Earlier this month, Michele Dix, managing director of planning at Transport for London, gave evidence to the Lords Economics Affairs Committee. The session covered the Euston rebuild, Crossrail 2, the (lack of) HS1 link and Old Oak Common.
What was clear is that HS2 Ltd do not collaborate even with Transport for London, in spite of needing to work together in a number of areas.
With regard to Euston, Ms Dix said that she had been told that HS2 Ltd were still working on Euston, but the “costs for Euston were higher than the envelope of costs expected for Euston” and that it would be “brought back to the Committee next year, towards the end of the summer ”. She told the committee that what had gone into the Hybrid Bill was “not satisfactory” and David Higgins had hoped to put an alternative forward in December (David Higgins told MPs in March this year there would be “a radical new plan for Euston in six months” – i.e. September 2014).
Although there had been plans developed which fitted with the Borough of Camden’s Euston area plan, she said “The design that was on the table did fit up until recently, but the work they have done shows that the cost of developing and delivering that, and the timetable for delivering that, exceeds the envelope that they have.” The plans needed to fit in with the Underground and Crossrail 2 as well as rebuilding Euston: the scheme was about £4 billion to £4.5 billion, but the funding envelope was £2 billion.
Ms Dix told the committee it was essential to build Crossrail 2 before HS2 Phase 2, and that the timeline for Crossrail 2 was under consultation.
On the topic of the link to HS1, Ms Dix told the committee the original plans were unworkable. She said
“We objected to the original HS1-HS2 link that was in the original proposals, because it would have been totally inadequate and it would have had an adverse effect on our own overground trains. We wanted to see that link taken out, but at the same time we want to see a proper link put back in. So we do want to see an HS1-HS2 link provided but we would like to see that as a twin-bore tunnel that went from Old Oak Common to join with HS1 and onward to Stratford. “
She went on to say that HS2 Ltd were unwilling to look at the things Transport for London had asked them to look at and TfL wanted to understand the HS2 Ltd plans.
When asked by Lord Skidelsky whether they lobbied, a visibly frustrated Ms Dix said “We lobby. We do the work and we say, “If you do this, it fits in with that. If you do this, then please make provision for that”. We want to do that through collaborative working, being part of forums, boards and so on, but when we cannot achieve it through collaborative working we petition.”
Ms Dix was critical of the current plans at Old Oak Common, pointing out that
A key piece of infrastructure would be needed, because you have two railway lines—the West London Line and the North London Line just running past Old Oak Common—but no station, and you could go past the development site but you could not get off. Therefore, you need to put two stations there so that you can get off and then you can access HS2 and Crossrail 2. They would then help to deliver the uplift in value that would be associated with that development, which would then add to the benefits of the scheme. That is the approach.
Lord Griffiths of Fforestfach: They would also involve a cost?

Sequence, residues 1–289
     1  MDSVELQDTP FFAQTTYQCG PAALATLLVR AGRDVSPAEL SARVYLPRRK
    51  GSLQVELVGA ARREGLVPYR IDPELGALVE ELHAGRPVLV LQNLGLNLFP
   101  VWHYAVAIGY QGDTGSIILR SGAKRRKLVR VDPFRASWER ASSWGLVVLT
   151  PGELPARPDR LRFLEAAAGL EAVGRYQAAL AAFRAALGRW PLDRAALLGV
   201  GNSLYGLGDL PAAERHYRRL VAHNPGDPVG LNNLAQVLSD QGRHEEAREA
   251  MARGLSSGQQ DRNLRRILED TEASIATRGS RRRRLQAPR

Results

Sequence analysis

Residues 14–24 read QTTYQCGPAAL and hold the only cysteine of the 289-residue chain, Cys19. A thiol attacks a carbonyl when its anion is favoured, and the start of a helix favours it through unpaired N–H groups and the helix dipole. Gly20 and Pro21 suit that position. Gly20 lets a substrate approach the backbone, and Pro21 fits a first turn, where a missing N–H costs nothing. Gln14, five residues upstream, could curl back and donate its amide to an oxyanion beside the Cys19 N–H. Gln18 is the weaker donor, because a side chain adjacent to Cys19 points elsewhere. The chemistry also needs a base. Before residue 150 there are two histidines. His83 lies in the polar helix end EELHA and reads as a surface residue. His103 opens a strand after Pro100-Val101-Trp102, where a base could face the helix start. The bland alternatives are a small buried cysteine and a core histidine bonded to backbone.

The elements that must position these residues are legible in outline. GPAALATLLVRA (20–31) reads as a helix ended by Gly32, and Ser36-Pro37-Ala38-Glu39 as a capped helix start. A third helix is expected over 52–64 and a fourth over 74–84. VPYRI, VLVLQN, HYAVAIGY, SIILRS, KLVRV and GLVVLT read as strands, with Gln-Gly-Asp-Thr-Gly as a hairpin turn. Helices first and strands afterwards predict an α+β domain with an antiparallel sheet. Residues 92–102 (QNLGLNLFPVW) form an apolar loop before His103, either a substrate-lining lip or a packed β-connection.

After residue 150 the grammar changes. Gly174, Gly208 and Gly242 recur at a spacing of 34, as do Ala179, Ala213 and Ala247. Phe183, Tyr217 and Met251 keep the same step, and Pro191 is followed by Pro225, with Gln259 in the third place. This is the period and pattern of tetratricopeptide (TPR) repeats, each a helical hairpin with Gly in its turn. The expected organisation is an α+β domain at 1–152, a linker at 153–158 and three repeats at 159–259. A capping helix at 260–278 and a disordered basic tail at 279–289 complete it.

Michèle Dix: They would involve a cost, but the cost could be covered by the uplift in the scheme because of their existence. If they are not there, all you have is an interchange.
When asked what the effect of the rebuild on passengers using Euston, Ms Dix first said without any work done Euston would be crowded. Pressed further:
Michèle Dix: It will depend on what the scheme looks like, because at the moment we do not know what the scheme is. There was a scheme on the table a few months ago. There is no scheme on the table now. I am not designing the scheme.
Lord McFall of Alcluith: I understand that.
Michèle Dix: I am TfL. HS2 and DfT are designing the scheme with Network Rail. We want to influence the shape of the scheme, such that the travelling public and the people who live in that locality have a station that works. What will £2 billion look like? It depends in part on what comes out of the design, but we hope that it will look like a station that works and that is accessible, a station where onward distribution is easy and where it is obvious where you go when you come out of the station.
Lord May of Oxford was critical of the analysis done by proponents of HS2 saying
“I am strongly tempted, and trying to resist it, to say that I find much of this discussion leaving me grateful that all my life I have moved in a world where the people I have to deal with know what they are doing, have a focused approach to interacting with people, and you can have coherent conversations with them. I find this painful. …Then people went on talking about it and there was very little in the way of believable quantitative analysis. I wonder if you could tell me that I am wrong.”
Michèle Dix’s frustration was clear when she said “I would just say that I am not responsible for the economic evaluation of HS2″ and that “ I think it is a good thing for everybody, and I do not know why that is incomprehensible.”
Lord May of Oxford: It is the lack of coherent underpinning analysis that I find painful. I am not talking about you, in particular.”
Often groups and individuals who are blighted by HS2 are blamed for not being able to work with HS2 Ltd, but from her evidence it is clear that even though Transport for London supports HS2, HS2 Ltd will not collaborate with them.